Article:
Throughout his career, Belafonte was involved in various causes. He was a supporter of the civil rights movement and a close friend of Martin Luther King, Jr. Belafonte was active in African humanitarian efforts, notably appearing on the charity song "We Are the World" (1985). In 1987 he became a UNICEF goodwill ambassador. He received the Jean Hersholt Humanitarian Award from the Academy of Motion Picture Arts and Sciences in 2014.
100% of the net profit to benefit The Popular Democracy Movement Center and the Harry Belafonte 115th St. NY Library.
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Following his critically acclaimed and multi-award winning recording Johann Sebastian Bach, Icelandic pianist Víkingur Ólafsson will release his new album, Debussy • Rameau, on 27 March 2020. The innovative recording juxtaposes pieces by two giants of French music, Claude Debussy and Jean-Philippe Rameau, exploring the contrasts and common ground between them.
Ólafsson explained, "This album is set up as a dialogue between two of my favourite composers, Jean-Philippe Rameau and Claude Debussy. I see them as musical brothers and soulmates, even though one was 180 years older than the other. They were musicians of the future, who loved to stir things up. They were two uniquely gifted keyboard composers, two progressive and fiercely original musical thinkers who could capture incredibly evocative images through sound. I want to show Rameau as a futurist and I want to emphasise Debussy's deep roots in the French baroque – and in Rameau's music in particular. The idea is that the listener almost forgets who is who, while listening to the album."
Watch Víkingur Ólafsson perform Debussy's ‘La Fille Aux Cheveux De Lin' from his new album Debussy • Rameau.
The Santa Ynez Valley Concert Series will present Grammy Award-winning violinist and producer Johnny Gandelsman in A Violinist Explores Bach's Cello Suites, 7 p.m. Friday, March 20, at St. Mark's-in-the-Valley, 2901 Nojoqui Ave., Los Olivos. Gandelsman will perform as part of the 40th annual Santa Ynez Valley Concert Series.
Since its inception by founder Rose Knoles in 1981, the concert series has brought widely acclaimed classical artists to perform in intimate spaces in the Santa Ynez Valley. Noted for its acoustics and serene ambiance, St. Mark's-in-the-Valley Episcopal Church has been the home of the series since 2007. "We are very much looking forward to hearing Johnny Gandelsman's interpretations of Bach's timeless and transcendent music," said Robert Cassidy, artistic director. "A magical sonic environment will be experienced with the sound of the solo violin resonating off the long-grain fir, high-ceiling interior of the church."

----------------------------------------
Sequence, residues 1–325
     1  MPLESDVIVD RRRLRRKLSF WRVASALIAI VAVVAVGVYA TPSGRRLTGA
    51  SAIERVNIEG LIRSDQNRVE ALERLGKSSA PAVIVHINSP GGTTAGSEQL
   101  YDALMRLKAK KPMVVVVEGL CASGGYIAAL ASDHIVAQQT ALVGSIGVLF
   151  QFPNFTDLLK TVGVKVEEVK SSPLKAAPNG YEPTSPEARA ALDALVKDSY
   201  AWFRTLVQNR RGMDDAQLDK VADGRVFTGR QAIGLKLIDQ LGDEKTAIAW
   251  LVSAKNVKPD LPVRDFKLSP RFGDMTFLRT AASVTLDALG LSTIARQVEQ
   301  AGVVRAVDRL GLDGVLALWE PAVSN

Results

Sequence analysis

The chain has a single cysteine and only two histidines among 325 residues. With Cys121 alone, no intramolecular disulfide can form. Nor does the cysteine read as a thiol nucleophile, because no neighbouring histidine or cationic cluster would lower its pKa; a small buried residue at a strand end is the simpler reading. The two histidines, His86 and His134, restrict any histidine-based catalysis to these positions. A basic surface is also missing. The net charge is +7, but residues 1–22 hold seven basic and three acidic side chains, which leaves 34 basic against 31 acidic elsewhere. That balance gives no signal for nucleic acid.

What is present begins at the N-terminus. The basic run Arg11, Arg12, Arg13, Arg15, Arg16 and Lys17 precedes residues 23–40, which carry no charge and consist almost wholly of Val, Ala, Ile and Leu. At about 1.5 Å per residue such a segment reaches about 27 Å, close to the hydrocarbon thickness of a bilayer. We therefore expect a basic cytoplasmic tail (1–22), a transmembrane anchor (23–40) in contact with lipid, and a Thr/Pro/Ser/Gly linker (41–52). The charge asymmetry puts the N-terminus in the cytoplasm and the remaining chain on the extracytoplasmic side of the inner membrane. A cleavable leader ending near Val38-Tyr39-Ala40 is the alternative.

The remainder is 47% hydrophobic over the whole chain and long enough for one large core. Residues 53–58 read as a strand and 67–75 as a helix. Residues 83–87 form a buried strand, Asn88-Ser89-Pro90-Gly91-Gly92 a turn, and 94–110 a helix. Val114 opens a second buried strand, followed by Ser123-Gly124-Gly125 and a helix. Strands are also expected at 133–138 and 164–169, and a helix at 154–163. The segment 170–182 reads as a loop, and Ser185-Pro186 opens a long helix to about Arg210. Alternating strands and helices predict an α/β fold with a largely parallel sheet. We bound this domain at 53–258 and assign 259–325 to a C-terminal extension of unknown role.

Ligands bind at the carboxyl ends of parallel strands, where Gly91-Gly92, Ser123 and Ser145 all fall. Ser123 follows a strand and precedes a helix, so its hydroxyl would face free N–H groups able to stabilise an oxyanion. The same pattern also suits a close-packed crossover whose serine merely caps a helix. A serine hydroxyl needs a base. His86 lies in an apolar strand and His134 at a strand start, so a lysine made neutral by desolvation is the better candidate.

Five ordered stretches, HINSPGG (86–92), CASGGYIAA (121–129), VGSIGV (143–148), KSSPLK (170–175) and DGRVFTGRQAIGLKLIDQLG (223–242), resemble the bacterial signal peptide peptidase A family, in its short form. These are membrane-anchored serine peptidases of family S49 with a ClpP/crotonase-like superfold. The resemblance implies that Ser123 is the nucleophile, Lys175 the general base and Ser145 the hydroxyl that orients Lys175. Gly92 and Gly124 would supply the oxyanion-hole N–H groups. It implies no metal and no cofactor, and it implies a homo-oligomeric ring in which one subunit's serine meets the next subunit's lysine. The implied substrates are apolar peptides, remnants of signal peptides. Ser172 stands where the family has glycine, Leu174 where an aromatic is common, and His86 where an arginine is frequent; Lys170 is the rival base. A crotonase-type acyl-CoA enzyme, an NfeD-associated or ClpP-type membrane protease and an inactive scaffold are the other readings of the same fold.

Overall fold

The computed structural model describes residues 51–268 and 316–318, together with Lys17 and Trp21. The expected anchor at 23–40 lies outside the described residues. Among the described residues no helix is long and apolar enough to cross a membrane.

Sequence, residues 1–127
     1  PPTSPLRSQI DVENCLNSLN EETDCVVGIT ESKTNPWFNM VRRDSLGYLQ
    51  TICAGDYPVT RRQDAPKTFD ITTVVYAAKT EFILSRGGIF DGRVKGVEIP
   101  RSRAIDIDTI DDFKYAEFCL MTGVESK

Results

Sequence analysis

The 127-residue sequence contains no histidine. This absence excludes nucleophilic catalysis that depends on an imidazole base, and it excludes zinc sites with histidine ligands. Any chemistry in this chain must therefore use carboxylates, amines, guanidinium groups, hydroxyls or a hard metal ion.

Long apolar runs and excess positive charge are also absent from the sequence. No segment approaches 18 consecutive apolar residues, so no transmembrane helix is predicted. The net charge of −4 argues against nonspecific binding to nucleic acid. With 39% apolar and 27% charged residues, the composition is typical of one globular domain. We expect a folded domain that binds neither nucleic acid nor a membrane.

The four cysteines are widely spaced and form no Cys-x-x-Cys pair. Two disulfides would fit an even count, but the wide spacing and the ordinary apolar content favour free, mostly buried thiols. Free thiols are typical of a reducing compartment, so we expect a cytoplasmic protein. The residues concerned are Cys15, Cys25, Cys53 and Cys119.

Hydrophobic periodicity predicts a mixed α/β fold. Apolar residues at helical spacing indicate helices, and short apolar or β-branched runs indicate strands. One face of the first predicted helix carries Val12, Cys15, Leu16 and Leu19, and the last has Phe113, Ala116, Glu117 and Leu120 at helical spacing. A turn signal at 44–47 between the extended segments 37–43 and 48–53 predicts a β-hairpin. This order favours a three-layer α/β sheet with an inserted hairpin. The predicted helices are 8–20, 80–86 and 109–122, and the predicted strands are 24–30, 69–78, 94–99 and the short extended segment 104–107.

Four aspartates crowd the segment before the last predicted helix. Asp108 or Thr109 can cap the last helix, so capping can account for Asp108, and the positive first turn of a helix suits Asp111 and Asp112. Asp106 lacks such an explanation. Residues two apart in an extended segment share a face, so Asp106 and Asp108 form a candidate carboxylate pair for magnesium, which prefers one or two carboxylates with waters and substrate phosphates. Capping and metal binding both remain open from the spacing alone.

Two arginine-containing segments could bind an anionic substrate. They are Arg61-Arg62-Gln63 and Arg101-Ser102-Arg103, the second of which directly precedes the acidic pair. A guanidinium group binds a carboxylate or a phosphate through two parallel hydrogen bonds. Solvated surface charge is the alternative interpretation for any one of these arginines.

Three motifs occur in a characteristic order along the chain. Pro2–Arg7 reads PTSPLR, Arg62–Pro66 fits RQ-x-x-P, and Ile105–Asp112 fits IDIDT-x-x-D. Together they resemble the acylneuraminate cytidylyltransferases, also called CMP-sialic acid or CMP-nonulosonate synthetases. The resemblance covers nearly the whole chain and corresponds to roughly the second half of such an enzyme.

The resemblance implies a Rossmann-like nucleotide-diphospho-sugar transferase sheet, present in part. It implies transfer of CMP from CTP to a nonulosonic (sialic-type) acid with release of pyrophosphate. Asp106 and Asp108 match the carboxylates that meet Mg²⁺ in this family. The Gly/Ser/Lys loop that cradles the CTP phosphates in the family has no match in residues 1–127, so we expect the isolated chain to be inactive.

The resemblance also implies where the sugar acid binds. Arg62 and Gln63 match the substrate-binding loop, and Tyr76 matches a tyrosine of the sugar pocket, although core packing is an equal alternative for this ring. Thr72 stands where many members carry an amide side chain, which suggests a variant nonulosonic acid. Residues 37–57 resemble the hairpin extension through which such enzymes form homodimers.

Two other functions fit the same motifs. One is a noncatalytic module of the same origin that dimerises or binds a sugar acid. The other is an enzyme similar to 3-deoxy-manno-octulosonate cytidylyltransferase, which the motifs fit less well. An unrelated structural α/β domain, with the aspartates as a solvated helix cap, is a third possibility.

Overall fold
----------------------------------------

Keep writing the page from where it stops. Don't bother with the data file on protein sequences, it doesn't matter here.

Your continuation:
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The Met Opera's Live in HD series for the 2019-20 season continues this Saturday, Feb. 29, 2020 with a transmission of "Agrippina," which was composed by Handel to a libretto by Grimani.
The broadcast, which kicks off 12:55 p.m. Eastern time, will feature Joyce DiDonato in the title role with Brenda Rae as Poppea, Iestyn Davies as Ottone, Matthew Rose as Claudio, Kate Lindsey as Nerone, Dunan Rock as Pallante, and Nicholas Tamagna as Narciso. Harry Bicket directs the production by Sir David McVicar. Find out which theaters in your local area are transmitting the simulcast by clicking here. PHOTO (Credit: Marty Sohl / Metropolitan Opera)
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‘Love Letters' marks a different direction for the internationally celebrated artist; it offers a shift in intimacy and content and comes at a pivotal time in her career as she signs to her new record label, Mercury KX.
Milan Records today releases THE NEW POPE (ORIGINAL SOUNDTRACK FROM THE SKY – HBO – CANAL+ SERIES produced by FREMANTLE'S THE APARTMENT and WILDSIDE, co-produced with HAUT ET COURT TV and THE MEDIAPRO STUDIO) with music by LELE MARCHITELLI.
Referred to as "the Jimi Hendrix of the ukulele," Jake Shimabukuro is a true virtuoso, and exhibits his talents once again with the release of ‘Trio', available February 14th through Music Theories Recordings.